For most independent sponsors, especially new ones, it’s helpful to get perspective on how different groups have implemented the independent sponsor model and learn what’s working for other groups and what’s not.
As advisors to this expanding group of private equity investors, we speak regularly with both new and long-time sponsors, as well as independent sponsor capital providers. Here are 6 guidelines to help you get the most out of the independent sponsor model:
1. Acting like a funded private equity firm with discretionary capital is a fruitless exercise.
We see a lot of independent sponsors, particularly new ones, who expect their deals will come from investment banking led auction processes.
As an independent sponsor, unless there is a compelling strategic reason to compete against funded private equity firms and strategic buyers, save your time or choose your spots wisely –e.g., having an almost proprietary strategic relationship or management capability to bring to the table, or, simply revisiting an auction if it fails.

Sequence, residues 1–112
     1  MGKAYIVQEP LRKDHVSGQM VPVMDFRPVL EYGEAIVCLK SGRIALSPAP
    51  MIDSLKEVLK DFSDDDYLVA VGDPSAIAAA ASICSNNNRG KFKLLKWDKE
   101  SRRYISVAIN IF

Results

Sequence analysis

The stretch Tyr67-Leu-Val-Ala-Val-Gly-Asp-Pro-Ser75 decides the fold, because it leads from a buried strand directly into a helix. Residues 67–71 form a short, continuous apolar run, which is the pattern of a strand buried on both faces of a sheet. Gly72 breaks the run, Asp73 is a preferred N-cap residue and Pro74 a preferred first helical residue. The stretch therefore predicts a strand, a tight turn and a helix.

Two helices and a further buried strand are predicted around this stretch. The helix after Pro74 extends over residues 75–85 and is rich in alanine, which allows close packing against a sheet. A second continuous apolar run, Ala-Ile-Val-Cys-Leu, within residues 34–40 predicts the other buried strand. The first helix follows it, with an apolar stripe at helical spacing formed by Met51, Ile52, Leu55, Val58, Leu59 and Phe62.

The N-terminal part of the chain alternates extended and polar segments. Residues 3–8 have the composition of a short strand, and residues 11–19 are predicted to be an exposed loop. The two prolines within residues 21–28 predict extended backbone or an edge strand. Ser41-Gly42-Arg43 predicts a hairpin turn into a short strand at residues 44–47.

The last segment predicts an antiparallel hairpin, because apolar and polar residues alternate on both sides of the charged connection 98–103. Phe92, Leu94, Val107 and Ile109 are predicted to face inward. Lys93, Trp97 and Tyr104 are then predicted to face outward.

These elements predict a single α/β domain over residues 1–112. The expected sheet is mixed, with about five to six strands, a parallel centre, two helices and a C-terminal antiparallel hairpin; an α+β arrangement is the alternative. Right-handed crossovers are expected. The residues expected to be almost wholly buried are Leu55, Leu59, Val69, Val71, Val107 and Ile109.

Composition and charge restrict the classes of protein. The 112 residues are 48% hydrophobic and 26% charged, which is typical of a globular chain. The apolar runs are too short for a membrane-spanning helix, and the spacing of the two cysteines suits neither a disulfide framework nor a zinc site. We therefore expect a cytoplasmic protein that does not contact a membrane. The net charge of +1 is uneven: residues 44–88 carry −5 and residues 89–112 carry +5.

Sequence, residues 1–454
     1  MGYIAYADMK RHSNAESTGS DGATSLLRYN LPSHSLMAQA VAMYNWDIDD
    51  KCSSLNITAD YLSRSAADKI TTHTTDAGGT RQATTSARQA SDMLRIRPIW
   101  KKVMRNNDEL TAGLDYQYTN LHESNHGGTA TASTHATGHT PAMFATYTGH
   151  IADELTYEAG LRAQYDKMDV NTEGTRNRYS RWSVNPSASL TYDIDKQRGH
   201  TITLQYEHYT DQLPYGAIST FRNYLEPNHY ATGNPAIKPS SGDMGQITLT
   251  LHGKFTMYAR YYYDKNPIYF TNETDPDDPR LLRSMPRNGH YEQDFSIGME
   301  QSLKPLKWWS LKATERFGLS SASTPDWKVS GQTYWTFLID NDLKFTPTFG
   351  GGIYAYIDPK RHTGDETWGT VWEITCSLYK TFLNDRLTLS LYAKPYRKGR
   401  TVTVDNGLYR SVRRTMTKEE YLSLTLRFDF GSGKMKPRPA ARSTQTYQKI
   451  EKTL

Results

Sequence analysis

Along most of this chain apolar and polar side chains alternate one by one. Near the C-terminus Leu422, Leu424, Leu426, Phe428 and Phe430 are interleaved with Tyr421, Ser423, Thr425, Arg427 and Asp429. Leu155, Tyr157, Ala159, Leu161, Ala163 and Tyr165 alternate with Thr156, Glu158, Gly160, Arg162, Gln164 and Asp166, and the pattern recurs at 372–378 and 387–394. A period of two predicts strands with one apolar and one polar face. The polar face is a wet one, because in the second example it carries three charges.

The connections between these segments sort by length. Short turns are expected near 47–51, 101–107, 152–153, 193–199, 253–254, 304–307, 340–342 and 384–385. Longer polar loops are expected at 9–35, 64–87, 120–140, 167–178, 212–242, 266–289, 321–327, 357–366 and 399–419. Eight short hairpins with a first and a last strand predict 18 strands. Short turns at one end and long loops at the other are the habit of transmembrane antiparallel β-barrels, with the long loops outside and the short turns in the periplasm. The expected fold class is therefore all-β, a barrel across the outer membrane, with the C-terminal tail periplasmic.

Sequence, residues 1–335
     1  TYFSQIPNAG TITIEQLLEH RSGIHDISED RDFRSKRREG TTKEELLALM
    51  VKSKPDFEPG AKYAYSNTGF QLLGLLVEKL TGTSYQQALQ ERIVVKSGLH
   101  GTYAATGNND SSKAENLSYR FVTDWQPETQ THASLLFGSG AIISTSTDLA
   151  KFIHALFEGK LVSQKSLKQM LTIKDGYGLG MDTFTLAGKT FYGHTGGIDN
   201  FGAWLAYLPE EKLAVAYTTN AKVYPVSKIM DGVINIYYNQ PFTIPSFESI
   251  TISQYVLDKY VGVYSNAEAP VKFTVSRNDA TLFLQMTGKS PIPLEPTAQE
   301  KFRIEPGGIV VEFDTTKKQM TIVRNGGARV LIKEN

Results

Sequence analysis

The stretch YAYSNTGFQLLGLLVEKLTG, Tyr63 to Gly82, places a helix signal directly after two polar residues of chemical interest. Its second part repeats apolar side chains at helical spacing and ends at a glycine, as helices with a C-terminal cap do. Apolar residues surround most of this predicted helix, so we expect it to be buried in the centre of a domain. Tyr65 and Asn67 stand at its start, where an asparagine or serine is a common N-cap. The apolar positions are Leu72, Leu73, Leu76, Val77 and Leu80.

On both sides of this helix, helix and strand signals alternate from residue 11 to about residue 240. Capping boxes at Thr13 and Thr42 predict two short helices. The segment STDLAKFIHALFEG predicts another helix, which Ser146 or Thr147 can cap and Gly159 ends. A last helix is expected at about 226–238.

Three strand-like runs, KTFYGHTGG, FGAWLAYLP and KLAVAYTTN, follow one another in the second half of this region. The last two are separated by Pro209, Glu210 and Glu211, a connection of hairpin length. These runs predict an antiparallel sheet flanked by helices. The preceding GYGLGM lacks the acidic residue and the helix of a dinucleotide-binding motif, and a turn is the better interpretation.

Remember, if you are the winning bidder in an auction, you’ll need to explain to prospective capital partners why you believe an asset is worth more than what other funded private equity firms and strategic buyers were willing to pay. Every situation is different, but this argument usually doesn’t go over well.
2. There's usually an inverse relationship between complexity and success.
It’s hard enough articulating to capital partners why a particular acquisition target represents an attractive opportunity.
If you develop an excessively elaborate or theoretical growth strategy that requires everything to go right, chances are that it will be challenging to convince an institutional investor to follow.
That doesn’t mean that growth strategies can’t be dynamic or there’s no room for creativity, but they should be practical, insightful and reasonably straightforward.
3. Be disciplined about the acquisition targets you pursue, even if it means walking away from a deal.